Live updates

France flooding damage costs 'could hit over £1 billion'

The Seine river reached its highest level since 1982 on Friday night Credit: Reuters

Flooding that has wreaked havoc in parts of France could cost between £700 million and £1.1 billion, the French Insurance Association warned.

So far, hundreds of towns and villages have been hit by flooding across the country.

Four people were killed during the adverse weather that left areas inundated near the Seine and Loire rivers.

Paris's biggest museums, the Louvre and Musee d'Orsay, were even forced to close as the Seine climbed to 6.1 metres (20ft) on Friday night, its highest level since 1982.

Now the FIA has warned damage costs would spiral into the billions.

As of Monday, 14 departments remain on alert in parts of Normandy, Paris and the Loire, while 7,000 properties are still without power.

Advertisement

Six injured as tourist bus comes under fire in France

Six people travelling on a Czech tourist bus through France were injured when the vehicle came under fire, a French prosecutor has said.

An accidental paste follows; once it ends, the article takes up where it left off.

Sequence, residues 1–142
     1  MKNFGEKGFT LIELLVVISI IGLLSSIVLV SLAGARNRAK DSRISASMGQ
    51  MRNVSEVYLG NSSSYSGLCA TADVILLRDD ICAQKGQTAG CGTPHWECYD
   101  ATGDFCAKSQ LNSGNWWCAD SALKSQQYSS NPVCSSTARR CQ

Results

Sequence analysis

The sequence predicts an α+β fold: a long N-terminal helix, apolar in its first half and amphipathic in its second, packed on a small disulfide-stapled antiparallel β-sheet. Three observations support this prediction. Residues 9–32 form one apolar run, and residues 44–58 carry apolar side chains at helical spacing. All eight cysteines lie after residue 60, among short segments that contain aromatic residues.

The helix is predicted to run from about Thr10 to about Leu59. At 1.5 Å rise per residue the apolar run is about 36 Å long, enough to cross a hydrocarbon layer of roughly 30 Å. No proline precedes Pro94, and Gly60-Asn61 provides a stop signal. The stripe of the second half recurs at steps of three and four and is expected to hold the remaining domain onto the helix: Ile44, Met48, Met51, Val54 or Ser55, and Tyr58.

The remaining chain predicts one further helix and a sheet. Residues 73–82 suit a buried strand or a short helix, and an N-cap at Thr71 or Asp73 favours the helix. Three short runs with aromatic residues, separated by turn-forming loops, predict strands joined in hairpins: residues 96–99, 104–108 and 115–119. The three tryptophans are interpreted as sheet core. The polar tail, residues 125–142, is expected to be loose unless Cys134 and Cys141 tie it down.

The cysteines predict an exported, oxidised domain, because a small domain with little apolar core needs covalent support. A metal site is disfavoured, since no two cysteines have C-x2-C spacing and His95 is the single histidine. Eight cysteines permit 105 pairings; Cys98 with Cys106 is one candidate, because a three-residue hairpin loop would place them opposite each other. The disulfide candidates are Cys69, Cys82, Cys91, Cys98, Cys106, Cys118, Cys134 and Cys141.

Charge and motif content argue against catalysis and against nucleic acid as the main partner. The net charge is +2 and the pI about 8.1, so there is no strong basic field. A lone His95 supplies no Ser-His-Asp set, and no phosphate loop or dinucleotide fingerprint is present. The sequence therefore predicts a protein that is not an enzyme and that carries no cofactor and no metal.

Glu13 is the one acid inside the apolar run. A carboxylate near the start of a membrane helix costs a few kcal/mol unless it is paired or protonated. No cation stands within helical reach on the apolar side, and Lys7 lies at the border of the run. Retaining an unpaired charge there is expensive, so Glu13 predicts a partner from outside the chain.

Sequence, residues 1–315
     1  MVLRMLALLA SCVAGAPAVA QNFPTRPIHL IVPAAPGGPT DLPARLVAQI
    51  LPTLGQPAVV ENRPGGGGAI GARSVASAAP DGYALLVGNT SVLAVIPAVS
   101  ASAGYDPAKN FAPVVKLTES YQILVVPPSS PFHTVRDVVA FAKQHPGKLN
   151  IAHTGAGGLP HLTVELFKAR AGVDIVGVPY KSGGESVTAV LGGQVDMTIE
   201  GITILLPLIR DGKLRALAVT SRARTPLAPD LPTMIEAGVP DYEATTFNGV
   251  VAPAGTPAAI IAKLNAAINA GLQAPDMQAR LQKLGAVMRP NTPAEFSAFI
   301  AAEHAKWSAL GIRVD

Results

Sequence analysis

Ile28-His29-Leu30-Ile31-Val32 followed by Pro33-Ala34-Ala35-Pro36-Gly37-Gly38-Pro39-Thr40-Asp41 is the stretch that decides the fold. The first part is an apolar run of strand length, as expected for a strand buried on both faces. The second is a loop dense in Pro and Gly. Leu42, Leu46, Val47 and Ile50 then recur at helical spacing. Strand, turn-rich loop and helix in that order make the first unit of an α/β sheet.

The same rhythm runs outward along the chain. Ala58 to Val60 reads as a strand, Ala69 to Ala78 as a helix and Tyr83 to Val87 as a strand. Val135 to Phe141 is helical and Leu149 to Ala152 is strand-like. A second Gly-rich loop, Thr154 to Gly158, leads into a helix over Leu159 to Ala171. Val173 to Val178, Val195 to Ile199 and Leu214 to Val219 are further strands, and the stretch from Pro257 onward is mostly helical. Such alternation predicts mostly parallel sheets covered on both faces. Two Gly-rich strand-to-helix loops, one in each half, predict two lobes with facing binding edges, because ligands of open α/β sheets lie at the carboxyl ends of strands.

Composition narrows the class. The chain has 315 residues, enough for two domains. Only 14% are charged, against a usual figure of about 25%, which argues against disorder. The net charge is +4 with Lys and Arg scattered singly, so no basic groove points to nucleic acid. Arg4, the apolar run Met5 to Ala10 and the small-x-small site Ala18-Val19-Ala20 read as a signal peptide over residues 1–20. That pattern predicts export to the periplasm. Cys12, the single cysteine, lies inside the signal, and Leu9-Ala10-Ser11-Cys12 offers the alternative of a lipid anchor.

Alex Perrin said the bus was carrying 75 tourists including children on a school trip and the injured were hit by shattered glass.

"Five people suffered light injuries, while the sixth was more serious," the prosecutor told BFM TV.

Authorities gave no clue as to the motive for the shooting, along a highway in the south-west.

Initial investigations indicated the shot was fired from a hunting rifle.

Seine water levels decrease after Paris flooding peak

The swollen Seine burst its banks in Paris. Credit: Reuters

The water level of the Seine river in Paris is finally falling after it reached its peak overnight, the highest in 35 years.

Floods across France, Germany, and Belgium in recent days have seen at least 11 people killed, with thousands evacuated and many more left without power.

French authorities have warned that it could take 10 days for the river to return to its normal level after flooding swelled it to 15 feet (4.5m) above average in Paris.

More than 17,000 homes were still without electricity on Saturday in the Paris region and centre of France.

Authorities have also shut the Louvre museum, the national library, the Orsay museum and the Grand Palais, Paris' striking glass-and-steel topped exhibition centre.

Advertisement

All but one of France's blockaded fuel depots reopen

All but one of the French fuel depots blockaded in widespread and violent strike action have been cleared, the country's transport ministry has said.

Striking French workers had formed burning barricades at fuel depots across northern France in protest at proposed labour law reforms. Credit: Reuters

A spokesperson for the department said the fuel supply was "improving everywhere, all over the country".

The dispute over labour reforms has led to a widespread shortage of fuel with British travellers urged to fill up their cars in the UK before driving on into the Continent.

Load more updates